CHICAGO (Reuters) - President Barack Obama will give a farewell speech to the nation on Tuesday night, looking back at his legacy as he encourages supporters demoralized by the election of Republican Donald Trump to feel optimism about the future of the country.
The Democratic president is feeling some nostalgia as he prepares to leave the White House on Jan. 20 after eight years in office. His top policy achievements were jolted by the Nov. 8 election of Trump, who has threatened to undo Obama’s actions on issues ranging from advancing healthcare reform to curbing climate change.
In an 8 p.m. CST (0200 GMT Wednesday) speech at McCormick Place, the city’s main convention center, Obama will talk about how his experience in Chicago - at the start of his political career - taught him that change happens from the grassroots.
“I first came to Chicago when I was in my early twenties, still trying to figure out who I was; still searching for a purpose to my life,” Obama was set to say, according to excerpts released by the White House.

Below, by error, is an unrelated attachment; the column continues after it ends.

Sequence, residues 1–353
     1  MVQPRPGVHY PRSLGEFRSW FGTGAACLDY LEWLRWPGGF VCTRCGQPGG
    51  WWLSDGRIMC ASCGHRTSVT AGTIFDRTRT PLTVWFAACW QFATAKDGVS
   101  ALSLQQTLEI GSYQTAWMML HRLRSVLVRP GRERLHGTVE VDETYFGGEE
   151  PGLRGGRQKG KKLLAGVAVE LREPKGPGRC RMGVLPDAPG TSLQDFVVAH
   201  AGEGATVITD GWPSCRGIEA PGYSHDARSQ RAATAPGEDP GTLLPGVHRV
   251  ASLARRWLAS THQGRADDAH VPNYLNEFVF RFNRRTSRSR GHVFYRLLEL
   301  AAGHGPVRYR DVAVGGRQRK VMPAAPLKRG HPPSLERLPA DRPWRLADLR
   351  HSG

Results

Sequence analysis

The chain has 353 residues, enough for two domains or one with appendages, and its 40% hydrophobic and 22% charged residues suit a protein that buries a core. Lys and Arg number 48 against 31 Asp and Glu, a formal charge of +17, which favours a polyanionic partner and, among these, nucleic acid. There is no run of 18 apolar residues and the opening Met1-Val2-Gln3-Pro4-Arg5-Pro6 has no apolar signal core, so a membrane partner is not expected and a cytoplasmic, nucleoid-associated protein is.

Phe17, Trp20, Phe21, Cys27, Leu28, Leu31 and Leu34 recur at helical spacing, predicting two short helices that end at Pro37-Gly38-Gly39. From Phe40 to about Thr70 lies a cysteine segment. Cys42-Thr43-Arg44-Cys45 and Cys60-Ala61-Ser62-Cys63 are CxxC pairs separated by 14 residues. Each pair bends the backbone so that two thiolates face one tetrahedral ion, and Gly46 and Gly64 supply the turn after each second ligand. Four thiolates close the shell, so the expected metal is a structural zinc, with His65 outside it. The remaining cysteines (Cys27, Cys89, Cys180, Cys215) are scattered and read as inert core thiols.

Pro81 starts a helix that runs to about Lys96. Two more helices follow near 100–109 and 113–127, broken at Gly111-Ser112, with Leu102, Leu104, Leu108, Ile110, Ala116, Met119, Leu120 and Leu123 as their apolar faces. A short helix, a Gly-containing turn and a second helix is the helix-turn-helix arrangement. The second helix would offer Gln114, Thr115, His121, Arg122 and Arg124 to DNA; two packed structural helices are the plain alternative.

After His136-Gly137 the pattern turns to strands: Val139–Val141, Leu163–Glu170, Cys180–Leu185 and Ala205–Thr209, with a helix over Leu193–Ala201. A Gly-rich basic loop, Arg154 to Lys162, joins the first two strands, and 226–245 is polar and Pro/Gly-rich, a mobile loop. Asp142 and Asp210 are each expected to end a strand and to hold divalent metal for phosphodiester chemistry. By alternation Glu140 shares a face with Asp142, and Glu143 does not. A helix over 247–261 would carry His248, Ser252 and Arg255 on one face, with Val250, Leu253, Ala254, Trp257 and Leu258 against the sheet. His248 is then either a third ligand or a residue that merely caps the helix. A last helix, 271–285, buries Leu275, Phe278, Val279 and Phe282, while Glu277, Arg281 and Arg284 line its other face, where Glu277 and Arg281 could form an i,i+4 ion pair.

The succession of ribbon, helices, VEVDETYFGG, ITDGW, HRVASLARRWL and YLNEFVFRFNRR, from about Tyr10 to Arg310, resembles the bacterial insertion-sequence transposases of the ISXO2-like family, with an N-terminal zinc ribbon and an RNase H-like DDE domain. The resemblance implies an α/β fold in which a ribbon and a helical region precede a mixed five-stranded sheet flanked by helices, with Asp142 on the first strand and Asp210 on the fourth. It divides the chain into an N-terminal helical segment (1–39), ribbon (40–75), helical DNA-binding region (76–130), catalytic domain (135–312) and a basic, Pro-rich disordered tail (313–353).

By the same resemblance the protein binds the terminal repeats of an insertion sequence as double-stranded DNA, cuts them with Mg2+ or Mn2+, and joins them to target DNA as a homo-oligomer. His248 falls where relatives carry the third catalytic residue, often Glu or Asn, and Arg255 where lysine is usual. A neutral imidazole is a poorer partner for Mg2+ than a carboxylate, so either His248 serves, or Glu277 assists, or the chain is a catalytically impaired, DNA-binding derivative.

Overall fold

“It was in neighborhoods not far from here where I began working with church groups in the shadows of closed steel mills. It was on these streets where I witnessed the power of faith, and the quiet dignity of working people in the face of struggle and loss.”
First lady Michelle Obama, Vice President Joe Biden, his wife, Jill Biden, and many current and former White House staff members and campaign workers were expected to attend the speech.
“The president is not one to be overly sentimental, but given the circumstances, I think it would be unrealistic to expect anybody to not feel some nostalgia for this moment,” his spokesman, Josh Earnest told reporters traveling with Obama.
Even the final trip on the presidential aircraft was a moment tinged with wistfulness. It wasObama’s 445th trip on the presidential aircraft, a perk he has said he will miss when he leaves office. All told, he will have spent more than 2,800 hours or 116 days on the plane during his presidency, Earnest said.
Obama has said he plans to reflect on his administration’s achievements in his address, encouraging supporters to keep fighting for issues like the environment, gay rights and economic equality.
Obama plans to remain in Washington for the next two years while his younger daughter, Sasha, finishes high school. He has indicated he wants to give Trump the same space that his predecessor, Republican President George W. Bush, gave Obama after leaving office by not maintaining a high public profile.
(Additional reporting by Roberta Rampton; Editing by Peter Cooney)